By John F. Di Leo -
I am sickened – admittedly, not for the first time – by the theater community’s embrace of a new play called Oslo, which won a couple of Tony awards this week.
Now, I have no idea how well-written and well-acted the show is. Obviously, if it won Tony awards, we can assume that it was both well-written and well-acted.
But the content of such a celebration is utterly destructive… and the giddy pacifist fools cheering its success don’t even realize what a damaged ideology they are championing.
Oslo (the play) is basically a celebration of the horrific, treasonous acts of Shimon Peres, Yossi Beilin and others, who – way back in 1993, engaged in clandestine meetings on behalf of Israel with leaders of the Palestine Liberation Organization – yes, the PLO – with whom it was utterly illegal to meet at all.
By 1992, the PLO was really on its last legs… they were still despised by much of the world, recognized as an evil, utterly illegitimate terrorist organization, and deservedly so.
The Oslo Accords that resulted from that those meetings legitimized the PLO.
Once the world’s anti-semites could say that the PLO was “recognized” by the Israeli government, all the gloves could come off; the world could now view these homicidal communists as valid political players.
The Oslo Accords paved the way for other countries to recognize the PLO who hadn’t before (“After all, who are WE to refuse to meet with them, if Israel, their target, is willing to meet with them?”)… and for other countries to donate to them… and deal with them… and treat them as if they were their own country.
The Oslo Accords paved the way for the utter monstrosity of declaring a “Palestinian Authority” within the borders of Israel, in Gaza, Judea and Samaria, and even giving the PLO’s vile heirs – the terrorist mafias known as Fatah and Hamas – the pretense of actually acting as just another legitimate government amid the family of nations.
This lunacy simply wouldn’t have happened without Oslo.
According to reviews (obviously, I haven’t seen it, and wouldn’t, on principle) Oslo (the play) celebrates the Oslo Accords’ fluffy liberal goal of “the peace process,” while leaving the audience saddened that the Accords failed, as peace did not in fact last.
But as we Israel-watchers know, in truth, the Oslo Accords only “failed” from Israel's perspective; they were a resounding success for the terrorists.
The terrorists never wanted peace in the first place; they wanted a second lease on life as terrorists, with the new sources of funding and political support that would come from recognition. The Oslo Accords have been very good for the mass murderers of the middle east.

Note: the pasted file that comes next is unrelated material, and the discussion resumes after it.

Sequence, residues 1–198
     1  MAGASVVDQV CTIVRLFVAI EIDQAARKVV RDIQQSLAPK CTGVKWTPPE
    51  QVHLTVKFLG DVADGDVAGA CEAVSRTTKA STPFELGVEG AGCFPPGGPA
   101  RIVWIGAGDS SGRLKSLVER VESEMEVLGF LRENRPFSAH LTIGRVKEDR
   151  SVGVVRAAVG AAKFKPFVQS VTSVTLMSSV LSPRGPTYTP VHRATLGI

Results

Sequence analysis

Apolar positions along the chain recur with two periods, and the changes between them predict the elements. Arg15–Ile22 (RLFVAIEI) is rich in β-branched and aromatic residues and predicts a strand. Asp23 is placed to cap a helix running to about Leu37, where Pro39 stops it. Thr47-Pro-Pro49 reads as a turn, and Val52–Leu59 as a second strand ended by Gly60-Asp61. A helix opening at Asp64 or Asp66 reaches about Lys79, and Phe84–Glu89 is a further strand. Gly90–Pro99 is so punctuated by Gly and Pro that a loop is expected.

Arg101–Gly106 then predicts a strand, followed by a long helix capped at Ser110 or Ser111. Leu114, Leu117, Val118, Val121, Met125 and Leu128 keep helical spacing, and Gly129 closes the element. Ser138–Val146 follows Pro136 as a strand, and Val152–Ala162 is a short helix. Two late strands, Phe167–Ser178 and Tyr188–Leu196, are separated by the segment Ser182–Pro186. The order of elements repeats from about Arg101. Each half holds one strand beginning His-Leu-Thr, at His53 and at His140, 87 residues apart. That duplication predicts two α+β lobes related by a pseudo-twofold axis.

Just look at the timeline: The mid-1990s marked the beginning of the modern era of daily terrorist incidents, replacing the pre-Oslo era in which terrorist incidents were infrequent enough that every such attack made the news.
Inspired by the message of Oslo – “Terrorism doesn’t land us in jail, it gets us a seat at the table!” – the intifada of the late nineties began in Israel and spread quickly across the world. Today, there are so many attacks - bombings and shootings and kidnappings and fires - across the world every day that news outlets have to choose which ones are noteworthy enough to cover.
Every terrorist group now dreams that if they do enough damage, in Iraq or Nigeria, in Afghanistan or Georgia, they’ll become notorious enough to get their own Oslo Accord – to get the recognition, funding and other support that the PLO got out of Oslo.
If you like the status quo – this costly, dangerous hell on earth known by so many names: "the quest for the caliphate," "the jihadist movement," or our necessary response, "the War on Terror" – it’s not an exaggeration to say that, at least in part, you have Oslo to thank for it.
Do theater-goers necessarily realize this, as they buy their tickets and fund this celebration of equivalence between decency and the demonic? Of course not. They watch Sweeney Todd, and it’s no endorsement of cannibalism; they watch Arsenic and Old Lace, and it’s no endorsement of mass murder.
But there is a difference. In Sweeney Todd, Arsenic and Old Lace, and the vast majority of other theater that involves criminal activity, even when there’s an effort to build compassion for the criminal, there is no effort to pretend that the crime should really be accepted. We may love the sweet old ladies who serve poisoned elderberry wine to visitors, but we know they should never have done it, and we know they must be stopped.
The sin of Oslo is that it serves the political goal of empowering the terrorists, of rewarding them for their years of maiming and killing innocent people. The sin of Oslo is that it encourages other terrorist organizations to choose the same path: Just be violent enough, big enough, horrific enough, and you could be rewarded with a seat at the United Nations and a Swiss bank account to rival Yasser Arafat’s.
The theater community should be ashamed to have been hijacked this way.
Copyright 2017 John F. Di Leo
John F. Di Leo is a Chicagoland-based international trade trainer, writer, and actor. His columns are regularly found in Illinois Review.
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